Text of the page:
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Tomorrow's leaders

  • Published at 10:44 am December 24th, 2015
Tomorrow's leaders

Yesterday Scholastica hosted the first ever "Inspiring Women" event at their Uttara campus' STM hall. This Speed Careers event saw groups of 7-15 students meeting in small groups to engage in lively conversation with 24 leading women from sectors that ranged from banking, NGO, education, government, creative industries and more. Modelled on a long running campaign from the UK, the event brought together many successful women from around the country to talk to over 200 female students from nine schools. This event was supported by British MP Tulip Siddiq, a British-Bangladeshi Labour Party politician who was joined by her husband, Chris Percy. Principal Brig Gen (Retd) Kaiser Ahmed along with Madiha Murshed, Managing Director of Scholastica, hosted the event.

The event was held to help young women from all backgrounds to broaden their horizons and raise their aspirations for girls and young women. Young women often rely on female role models from a range of sectors, positiond of responsibility and stages of their life to help to combat stereotypes about occupations - but too often girls miss out on the opportunity to learn about the wide range of jobs out there. Inspiring Women was held to essentially combat this particular problem.

"When I was young I studied in this very school, and never once did I imagine that I would return to this floor as a British MP. It's a great feeling being able to spend some time with all of you who have made it here today. After I won the election this year, I was telling my husband that in my first visit to Bangladesh, I really want to join a programme with the youth of Bangladesh," Tulip said in her warm welcome speech to the audience. She went on to stress on the need to inspire the youth, especially female students, to help them figure out their career paths and ensure it's a path they choose to follow.

"From a very young age, I just knew I wanted to be an MP and I wanted to join the world of politics. However, that doesn't mean all of you need to have the same dream. You don't have to join politics, just follow the career path of your choice. Be it law, engineering, being a doctor, or even if you want to be a sportsman - focus on that. Whichever subject you like, just follow your desires and study that but remember to maintain a balance with everything else," she added.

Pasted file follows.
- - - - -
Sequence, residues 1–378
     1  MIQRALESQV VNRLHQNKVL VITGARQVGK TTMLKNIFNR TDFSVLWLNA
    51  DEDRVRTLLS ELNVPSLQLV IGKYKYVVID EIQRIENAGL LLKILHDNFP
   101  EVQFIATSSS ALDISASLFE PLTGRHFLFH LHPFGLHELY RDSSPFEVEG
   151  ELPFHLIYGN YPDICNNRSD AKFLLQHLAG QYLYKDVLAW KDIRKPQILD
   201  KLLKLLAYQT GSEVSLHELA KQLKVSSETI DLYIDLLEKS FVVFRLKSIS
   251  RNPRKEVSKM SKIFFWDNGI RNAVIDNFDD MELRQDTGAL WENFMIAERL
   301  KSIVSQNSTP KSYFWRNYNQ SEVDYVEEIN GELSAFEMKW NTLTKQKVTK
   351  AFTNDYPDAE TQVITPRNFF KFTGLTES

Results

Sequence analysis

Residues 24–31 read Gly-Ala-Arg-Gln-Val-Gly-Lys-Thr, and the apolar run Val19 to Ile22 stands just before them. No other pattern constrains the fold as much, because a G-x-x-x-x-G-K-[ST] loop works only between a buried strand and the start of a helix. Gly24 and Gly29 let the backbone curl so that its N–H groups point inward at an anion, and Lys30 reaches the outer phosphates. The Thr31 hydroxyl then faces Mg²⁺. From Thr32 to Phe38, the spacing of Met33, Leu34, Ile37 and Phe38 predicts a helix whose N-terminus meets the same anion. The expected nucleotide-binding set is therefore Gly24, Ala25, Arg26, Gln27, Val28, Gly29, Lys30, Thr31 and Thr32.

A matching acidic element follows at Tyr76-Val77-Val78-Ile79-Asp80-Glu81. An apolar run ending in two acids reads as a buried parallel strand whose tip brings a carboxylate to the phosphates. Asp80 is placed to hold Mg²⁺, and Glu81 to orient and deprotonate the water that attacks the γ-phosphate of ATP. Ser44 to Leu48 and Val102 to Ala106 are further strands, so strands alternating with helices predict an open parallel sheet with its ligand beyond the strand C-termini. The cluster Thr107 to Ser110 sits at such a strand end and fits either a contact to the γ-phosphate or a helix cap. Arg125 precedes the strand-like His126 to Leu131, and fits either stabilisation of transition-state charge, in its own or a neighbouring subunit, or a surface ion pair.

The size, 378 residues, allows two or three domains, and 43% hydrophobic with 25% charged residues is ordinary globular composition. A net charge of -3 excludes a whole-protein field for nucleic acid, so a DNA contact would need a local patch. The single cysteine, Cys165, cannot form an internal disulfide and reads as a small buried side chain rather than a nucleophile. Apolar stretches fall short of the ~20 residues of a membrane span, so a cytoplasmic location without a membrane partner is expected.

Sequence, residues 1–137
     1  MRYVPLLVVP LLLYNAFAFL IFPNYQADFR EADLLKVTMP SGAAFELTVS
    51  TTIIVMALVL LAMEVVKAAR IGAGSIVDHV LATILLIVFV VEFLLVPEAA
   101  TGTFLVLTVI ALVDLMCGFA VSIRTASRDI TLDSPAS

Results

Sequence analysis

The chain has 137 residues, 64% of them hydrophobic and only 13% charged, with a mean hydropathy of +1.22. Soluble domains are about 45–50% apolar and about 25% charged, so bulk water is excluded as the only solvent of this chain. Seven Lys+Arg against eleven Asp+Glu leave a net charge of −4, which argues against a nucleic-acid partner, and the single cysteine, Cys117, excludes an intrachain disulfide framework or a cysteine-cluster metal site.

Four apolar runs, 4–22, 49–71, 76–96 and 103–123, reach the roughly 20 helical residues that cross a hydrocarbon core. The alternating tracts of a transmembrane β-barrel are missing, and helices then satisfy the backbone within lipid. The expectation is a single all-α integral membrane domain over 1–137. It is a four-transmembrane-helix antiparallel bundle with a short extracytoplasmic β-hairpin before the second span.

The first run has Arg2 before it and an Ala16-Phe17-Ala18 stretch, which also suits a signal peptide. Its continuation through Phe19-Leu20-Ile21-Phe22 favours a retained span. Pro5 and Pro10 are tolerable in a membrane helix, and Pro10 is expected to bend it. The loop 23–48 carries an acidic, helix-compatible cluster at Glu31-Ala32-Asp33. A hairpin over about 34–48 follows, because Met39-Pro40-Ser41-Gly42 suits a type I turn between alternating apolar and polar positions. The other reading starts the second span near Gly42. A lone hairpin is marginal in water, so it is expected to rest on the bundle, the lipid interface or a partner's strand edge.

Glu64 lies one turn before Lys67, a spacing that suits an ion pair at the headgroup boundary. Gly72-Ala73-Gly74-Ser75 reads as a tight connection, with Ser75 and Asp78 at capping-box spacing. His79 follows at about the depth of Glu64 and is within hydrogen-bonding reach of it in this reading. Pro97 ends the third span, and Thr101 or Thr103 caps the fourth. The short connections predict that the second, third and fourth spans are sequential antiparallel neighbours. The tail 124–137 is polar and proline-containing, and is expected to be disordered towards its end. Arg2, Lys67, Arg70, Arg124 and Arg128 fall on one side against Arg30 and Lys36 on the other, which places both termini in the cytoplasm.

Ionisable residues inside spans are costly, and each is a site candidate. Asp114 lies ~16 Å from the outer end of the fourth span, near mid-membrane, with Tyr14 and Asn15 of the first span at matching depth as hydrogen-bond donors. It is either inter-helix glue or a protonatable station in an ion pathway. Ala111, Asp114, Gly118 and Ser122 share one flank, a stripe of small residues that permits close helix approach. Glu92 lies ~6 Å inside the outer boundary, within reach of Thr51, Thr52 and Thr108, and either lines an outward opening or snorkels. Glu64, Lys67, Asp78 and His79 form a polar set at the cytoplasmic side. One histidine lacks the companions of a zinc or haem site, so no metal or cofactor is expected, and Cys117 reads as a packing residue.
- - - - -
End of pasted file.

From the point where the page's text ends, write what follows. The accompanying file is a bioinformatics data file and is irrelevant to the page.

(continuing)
Before the speakers took ten minute rounds to speak to each group of students, Tulip answered questions during a brief press conference, reflecting on her path to the electoral win, her family background and it's effect on her choice of career. She talked about a few challenges she faced, including the backlash that comes with being part of such a famous political family.

"In the household where I was born, I grew up hearing stories about my Nana, about our Liberation War and the struggles he faced as he led the country to independence. I also grew up watching my mom and khala always discussing the people of Bangladesh, how to work for them, how to improve their wellbeing. If we would sit down to eat, or even have an evening snack, conversation always wound around how to help the people of Bangladesh - this was essentially, my childhood," she shared. While her aunt Prime Minister Sheikh Hasina and her mother Sheikh Rehana are her role models, she also looks up to Speaker of the House Shirin Sharmin Chaudhury and mountaineer Wasfia Nazreen as women who really inspire her.

When asked about the issue of child marriage, Tulip stated that lack of education is the root of the problem. "If you don't educate children from a young age and teach them independence, it's difficult to end child marriage. While we do have laws in Bangladesh, what is more important is to ensure that these laws are enforced. The UN once said "Educate a son, you educate a family. You educate a girl, you educate an entire village" - I really believe in that saying."

To conclude the session, Tulip spoke about how advanced Bangladesh is in terms of female leadership, sharing both her joy and pride in being a Bangladeshi woman who could make her country proud.

"Our country's Prime Minister is female, our country's Speaker of the house is female, our opposition party leader, too, is female. In Britain, we have no such thing. Our Prime Minister is male, Speaker of the house is male - they are all great, but let's take a moment to notice how there aren't as many leading politicians who are female. As Bangladeshis, it's a matter of pride for us to note just how many of the stars of the country are female - you too, can shine. Believe in yourself."

The speaker list for the event included Advocate Tarana Halim, Member of Parliament of State Minister for Posts and Telecommunication Division, Zara Mahbub, Head of Communications and Service Quality, BRAC Bank, Rabab Fatima, Director General, Ministry of Foreign Affairs and Ambassador designate to Japan, Eeshita Azad, Head of Arts, British Council among others. Tulip expressed her interest in holding similar events in the future to aid in inspiring young women around the country and helping them to choose their careers.